How To Use Beet Greens Or Beet Leaves And Stems

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When I make beet greens, or any greens, I wash them, separate the stems and leaves, and boil the stems and leaves separately. The reason for this is that the leaves cook in about 3 to 5 minutes, while their stems take about 6 to 8 minutes.

Usually, I combine different kinds of greens, like in this case I added spinach to the beet greens.

Sauteed beet leaves, spinach, and garlic.Sauteed Beet Greens With Garlic

Washed beet greens and spinach.

Beet leaves and spinach washed and ready to go.

Boiled greens, sliced garlic, and olive oil.

Mise en place: The garlic is sliced and the spinach is cooked, drained, pressed, and chopped.

When you buy beets look for bunches with the greens still attached. In many cases the price for the same number of beets that are stemmed, is close to, or the same as buying them in a bunch. But the greens are edible and absolutely delicious. With bunch beets you get a twofer.

When you shop for beets, look for beets that are firm to the touch and tops, or leaves, that are dark green. If the tops have a lot of brown dry discoloration avoid that bunch.

Sauteed Beet Leaves And Stems

  • Yield: 1 to 2 servings
  • Prep Time: 15 minutes
  • Cook Time: 20 minutes


  • 1 bunch beet greens
  • 1 bunch spinach
  • Kosher salt, to taste
  • 4 to 5 cloves garlic, sliced thin
  • EVO, to coat the pan


  1. Remove all of the large stems from the beet greens. Trim the ends of the stems and quickly rinse the stems under running water.
  2. Cutting crosswise, slice the stems into 1/4 inch (6 mm) pieces.
  3. Bring a 2-quart pot of salted water to a full boil.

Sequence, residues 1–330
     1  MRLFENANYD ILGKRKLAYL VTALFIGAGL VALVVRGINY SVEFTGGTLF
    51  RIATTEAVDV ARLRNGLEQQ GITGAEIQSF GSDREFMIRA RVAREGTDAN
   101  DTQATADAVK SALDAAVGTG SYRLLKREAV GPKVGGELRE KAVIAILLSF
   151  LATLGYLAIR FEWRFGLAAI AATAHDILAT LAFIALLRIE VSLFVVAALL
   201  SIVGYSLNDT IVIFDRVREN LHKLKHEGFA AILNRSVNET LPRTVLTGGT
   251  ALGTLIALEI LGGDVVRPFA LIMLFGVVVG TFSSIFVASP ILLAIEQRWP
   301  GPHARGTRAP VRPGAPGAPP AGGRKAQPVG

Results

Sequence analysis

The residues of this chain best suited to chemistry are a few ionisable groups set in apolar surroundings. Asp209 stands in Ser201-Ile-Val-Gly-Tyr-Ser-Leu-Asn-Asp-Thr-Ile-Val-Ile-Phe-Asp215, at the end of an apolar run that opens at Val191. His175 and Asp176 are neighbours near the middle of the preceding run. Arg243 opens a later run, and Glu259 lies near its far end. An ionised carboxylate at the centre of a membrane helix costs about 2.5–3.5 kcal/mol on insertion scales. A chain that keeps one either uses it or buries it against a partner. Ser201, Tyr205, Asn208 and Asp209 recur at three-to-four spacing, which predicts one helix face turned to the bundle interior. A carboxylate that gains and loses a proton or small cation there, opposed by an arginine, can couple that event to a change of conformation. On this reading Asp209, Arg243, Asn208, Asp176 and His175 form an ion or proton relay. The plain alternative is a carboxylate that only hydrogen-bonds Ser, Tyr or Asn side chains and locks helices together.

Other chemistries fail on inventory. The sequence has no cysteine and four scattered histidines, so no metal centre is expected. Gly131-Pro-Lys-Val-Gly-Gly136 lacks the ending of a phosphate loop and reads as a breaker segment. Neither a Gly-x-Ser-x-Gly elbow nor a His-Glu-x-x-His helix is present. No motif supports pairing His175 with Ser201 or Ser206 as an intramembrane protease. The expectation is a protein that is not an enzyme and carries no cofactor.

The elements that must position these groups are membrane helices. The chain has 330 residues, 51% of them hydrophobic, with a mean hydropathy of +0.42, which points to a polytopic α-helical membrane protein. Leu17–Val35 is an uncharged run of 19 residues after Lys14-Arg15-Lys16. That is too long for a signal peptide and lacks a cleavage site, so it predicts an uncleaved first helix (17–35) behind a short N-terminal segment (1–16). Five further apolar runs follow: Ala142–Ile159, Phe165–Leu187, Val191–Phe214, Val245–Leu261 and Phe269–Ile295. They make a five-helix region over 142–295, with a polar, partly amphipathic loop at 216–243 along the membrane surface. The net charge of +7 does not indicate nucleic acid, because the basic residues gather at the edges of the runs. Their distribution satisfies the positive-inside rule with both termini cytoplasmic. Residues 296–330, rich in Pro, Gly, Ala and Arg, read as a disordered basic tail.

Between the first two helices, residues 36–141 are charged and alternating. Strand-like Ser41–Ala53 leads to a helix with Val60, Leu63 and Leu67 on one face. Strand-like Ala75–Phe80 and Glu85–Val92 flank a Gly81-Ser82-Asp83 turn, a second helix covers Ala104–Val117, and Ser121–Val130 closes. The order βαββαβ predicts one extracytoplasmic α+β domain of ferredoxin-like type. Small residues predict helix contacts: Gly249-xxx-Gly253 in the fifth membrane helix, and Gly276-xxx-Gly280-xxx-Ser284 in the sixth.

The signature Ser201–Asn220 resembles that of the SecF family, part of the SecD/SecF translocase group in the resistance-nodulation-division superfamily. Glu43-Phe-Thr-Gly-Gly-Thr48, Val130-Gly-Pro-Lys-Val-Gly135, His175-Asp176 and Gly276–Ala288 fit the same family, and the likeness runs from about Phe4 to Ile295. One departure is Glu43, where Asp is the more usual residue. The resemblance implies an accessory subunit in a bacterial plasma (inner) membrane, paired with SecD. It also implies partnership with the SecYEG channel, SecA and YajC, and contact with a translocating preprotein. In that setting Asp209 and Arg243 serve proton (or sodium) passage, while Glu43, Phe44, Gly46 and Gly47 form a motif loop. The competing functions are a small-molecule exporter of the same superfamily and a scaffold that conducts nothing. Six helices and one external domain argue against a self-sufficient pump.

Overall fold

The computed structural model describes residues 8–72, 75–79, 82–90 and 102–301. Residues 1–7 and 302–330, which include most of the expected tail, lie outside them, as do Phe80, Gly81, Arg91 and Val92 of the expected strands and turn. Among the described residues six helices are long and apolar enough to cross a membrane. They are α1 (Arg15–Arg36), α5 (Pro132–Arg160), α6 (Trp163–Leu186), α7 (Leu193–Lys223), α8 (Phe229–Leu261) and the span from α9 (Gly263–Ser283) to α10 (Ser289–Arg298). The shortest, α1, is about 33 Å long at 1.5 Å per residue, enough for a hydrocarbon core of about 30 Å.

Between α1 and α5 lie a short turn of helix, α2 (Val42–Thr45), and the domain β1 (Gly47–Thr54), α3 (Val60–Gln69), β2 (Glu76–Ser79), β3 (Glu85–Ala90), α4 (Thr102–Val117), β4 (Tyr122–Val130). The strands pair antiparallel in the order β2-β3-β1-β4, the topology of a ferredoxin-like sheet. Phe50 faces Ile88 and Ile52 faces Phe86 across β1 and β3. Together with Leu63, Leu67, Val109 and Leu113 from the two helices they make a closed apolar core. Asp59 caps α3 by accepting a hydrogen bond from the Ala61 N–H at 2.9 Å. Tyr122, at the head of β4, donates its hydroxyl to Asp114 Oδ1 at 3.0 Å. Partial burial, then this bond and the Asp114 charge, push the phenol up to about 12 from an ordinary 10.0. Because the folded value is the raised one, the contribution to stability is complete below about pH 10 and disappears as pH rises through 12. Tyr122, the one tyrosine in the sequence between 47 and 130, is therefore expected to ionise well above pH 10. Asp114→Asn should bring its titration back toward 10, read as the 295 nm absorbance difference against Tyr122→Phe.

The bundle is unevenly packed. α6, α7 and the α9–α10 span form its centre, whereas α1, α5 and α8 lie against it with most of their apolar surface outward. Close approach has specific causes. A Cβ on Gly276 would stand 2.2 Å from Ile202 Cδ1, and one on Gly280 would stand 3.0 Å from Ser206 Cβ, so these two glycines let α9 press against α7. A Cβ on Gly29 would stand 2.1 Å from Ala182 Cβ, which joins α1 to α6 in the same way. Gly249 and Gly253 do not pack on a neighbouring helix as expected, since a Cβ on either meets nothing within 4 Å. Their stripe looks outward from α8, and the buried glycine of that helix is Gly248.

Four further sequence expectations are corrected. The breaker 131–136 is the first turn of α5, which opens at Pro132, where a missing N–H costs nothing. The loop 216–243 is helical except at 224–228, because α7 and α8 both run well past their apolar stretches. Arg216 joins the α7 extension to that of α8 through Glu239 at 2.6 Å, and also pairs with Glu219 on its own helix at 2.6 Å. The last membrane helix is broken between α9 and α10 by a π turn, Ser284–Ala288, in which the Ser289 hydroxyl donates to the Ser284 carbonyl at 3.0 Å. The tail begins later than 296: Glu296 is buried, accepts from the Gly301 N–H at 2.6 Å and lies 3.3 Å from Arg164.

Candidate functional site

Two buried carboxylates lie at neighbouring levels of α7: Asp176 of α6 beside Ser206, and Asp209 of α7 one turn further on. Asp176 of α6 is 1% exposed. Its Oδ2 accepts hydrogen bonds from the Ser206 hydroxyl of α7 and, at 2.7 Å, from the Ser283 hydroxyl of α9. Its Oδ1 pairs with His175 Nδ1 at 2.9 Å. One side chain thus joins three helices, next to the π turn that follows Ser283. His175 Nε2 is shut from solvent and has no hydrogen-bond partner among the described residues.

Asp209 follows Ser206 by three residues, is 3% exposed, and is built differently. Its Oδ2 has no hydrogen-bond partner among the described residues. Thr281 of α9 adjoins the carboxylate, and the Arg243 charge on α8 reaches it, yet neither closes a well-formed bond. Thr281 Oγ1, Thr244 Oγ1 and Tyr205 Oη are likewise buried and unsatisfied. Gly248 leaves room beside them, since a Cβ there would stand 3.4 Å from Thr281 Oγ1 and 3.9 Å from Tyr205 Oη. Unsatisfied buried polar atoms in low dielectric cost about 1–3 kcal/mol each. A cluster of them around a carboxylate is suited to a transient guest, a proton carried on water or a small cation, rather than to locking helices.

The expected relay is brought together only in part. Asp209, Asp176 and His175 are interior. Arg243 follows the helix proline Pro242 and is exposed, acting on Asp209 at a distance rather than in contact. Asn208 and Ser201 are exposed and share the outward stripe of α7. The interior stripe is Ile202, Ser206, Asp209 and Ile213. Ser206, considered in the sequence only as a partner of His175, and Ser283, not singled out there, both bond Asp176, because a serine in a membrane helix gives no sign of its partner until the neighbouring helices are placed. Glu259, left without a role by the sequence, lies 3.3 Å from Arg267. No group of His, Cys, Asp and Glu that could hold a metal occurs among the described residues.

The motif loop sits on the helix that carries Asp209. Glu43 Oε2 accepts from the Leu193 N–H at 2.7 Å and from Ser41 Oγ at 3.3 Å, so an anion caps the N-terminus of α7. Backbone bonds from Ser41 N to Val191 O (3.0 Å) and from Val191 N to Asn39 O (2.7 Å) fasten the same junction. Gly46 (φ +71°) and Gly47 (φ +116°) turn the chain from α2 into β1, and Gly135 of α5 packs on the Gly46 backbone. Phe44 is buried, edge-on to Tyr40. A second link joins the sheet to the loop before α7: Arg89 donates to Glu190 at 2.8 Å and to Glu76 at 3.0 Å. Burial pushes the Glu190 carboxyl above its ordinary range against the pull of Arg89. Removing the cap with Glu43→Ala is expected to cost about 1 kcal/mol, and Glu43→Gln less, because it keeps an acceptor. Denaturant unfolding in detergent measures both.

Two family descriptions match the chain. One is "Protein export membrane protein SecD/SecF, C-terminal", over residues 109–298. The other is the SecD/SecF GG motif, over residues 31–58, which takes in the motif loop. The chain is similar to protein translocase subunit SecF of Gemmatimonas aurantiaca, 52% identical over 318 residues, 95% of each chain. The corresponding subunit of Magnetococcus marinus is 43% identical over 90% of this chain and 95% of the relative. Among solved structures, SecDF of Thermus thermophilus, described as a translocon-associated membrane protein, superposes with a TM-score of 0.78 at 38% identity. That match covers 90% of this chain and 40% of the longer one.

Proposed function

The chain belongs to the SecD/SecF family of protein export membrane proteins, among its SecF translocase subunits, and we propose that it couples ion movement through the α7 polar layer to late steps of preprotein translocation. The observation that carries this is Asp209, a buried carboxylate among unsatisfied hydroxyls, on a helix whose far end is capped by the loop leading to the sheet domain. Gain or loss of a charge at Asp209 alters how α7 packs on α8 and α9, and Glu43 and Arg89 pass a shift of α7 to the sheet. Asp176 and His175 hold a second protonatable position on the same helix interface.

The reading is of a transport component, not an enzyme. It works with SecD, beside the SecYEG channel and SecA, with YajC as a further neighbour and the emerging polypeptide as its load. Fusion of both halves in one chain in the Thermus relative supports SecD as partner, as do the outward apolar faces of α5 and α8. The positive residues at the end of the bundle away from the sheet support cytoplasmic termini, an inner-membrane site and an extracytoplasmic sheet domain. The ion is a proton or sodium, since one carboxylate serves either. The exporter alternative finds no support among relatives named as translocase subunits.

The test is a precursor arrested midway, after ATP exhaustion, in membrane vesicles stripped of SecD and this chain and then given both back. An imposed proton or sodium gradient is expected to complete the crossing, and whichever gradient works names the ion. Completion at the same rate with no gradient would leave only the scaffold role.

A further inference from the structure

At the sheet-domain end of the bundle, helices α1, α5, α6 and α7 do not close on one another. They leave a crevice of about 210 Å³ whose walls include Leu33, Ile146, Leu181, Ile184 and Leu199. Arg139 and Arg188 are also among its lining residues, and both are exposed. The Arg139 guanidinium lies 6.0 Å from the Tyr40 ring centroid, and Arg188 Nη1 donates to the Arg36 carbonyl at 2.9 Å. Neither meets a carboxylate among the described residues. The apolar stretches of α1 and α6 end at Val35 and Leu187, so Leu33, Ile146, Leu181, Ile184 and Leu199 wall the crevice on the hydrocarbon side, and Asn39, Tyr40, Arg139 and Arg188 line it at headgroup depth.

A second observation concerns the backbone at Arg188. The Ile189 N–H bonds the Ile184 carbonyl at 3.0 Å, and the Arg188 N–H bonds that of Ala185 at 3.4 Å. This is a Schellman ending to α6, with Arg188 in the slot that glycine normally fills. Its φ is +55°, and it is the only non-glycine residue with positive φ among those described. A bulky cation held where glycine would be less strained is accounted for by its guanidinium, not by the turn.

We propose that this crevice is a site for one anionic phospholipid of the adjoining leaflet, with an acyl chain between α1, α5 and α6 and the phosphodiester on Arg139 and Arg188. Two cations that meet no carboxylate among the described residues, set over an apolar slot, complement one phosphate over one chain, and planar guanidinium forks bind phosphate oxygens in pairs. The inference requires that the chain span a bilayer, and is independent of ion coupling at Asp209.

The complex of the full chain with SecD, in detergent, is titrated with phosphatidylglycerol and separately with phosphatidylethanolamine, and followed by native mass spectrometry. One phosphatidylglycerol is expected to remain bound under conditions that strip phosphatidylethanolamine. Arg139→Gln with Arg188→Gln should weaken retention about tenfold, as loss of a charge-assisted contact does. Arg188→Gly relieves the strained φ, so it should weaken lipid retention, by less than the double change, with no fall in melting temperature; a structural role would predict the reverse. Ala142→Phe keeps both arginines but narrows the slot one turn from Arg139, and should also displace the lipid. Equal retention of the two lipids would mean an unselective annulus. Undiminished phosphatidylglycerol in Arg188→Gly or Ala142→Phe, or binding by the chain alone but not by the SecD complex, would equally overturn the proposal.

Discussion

4. Add the stems and return to a boil. Cook until the stems are soft but not mush, about 6 to 8 minutes. Drain and rinse under cold water to stop the cooking. Set Aside.
  5. Wash the greens thoroughly by immersing them in a sink full of water and gently agitating them. Remove the greens to the other side of the sink, or a drain board, and drain and rinse the sink. Repeat the process for a total of at least three washings. This is necessary to remove all the dirt.
  6. Bring a large pot of salted water to a full rolling boil. Working quickly, add the greens in handfuls, making sure to fully submerse each addition.
  7. While you're waiting for the water to boil, refill the sink with clean cold water.
  8. Return to a boil and cook for about 3 to 4 minutes. Immediately drain through a colander. Rinse the spinach under running water to cool it, and transfer it to the water to stop the cooking. (The easiest way to do this is to leave it in the colander and just submerse it in the water bath, that way you're not trying to fish out all the greens.)
  9. Once the greens are cold, press them to squeeze out the excess water. Transfer the greens to a cutting board and rough chop them into bite size pieces. 
  10. Combine with the stems and set aside.
  11. Add enough extra virgin olive oil to coat a saute pan lightly. Place the pan over medium-low to medium heat and add the garlic.
  12. Cook until the garlic just begins to brown. Add the beet leaves and stems and toss to coat the beet greens. Cook until the greens are heated through and the garlic is golden brown.


  • When you make sauteed beet greens, or any sauteed greens other than sauteed spinach, boiling the greens first, yields a better result. They cook more evenly and they are easier to work with.

Tags: beet leaves, beet green, sauteed beet greens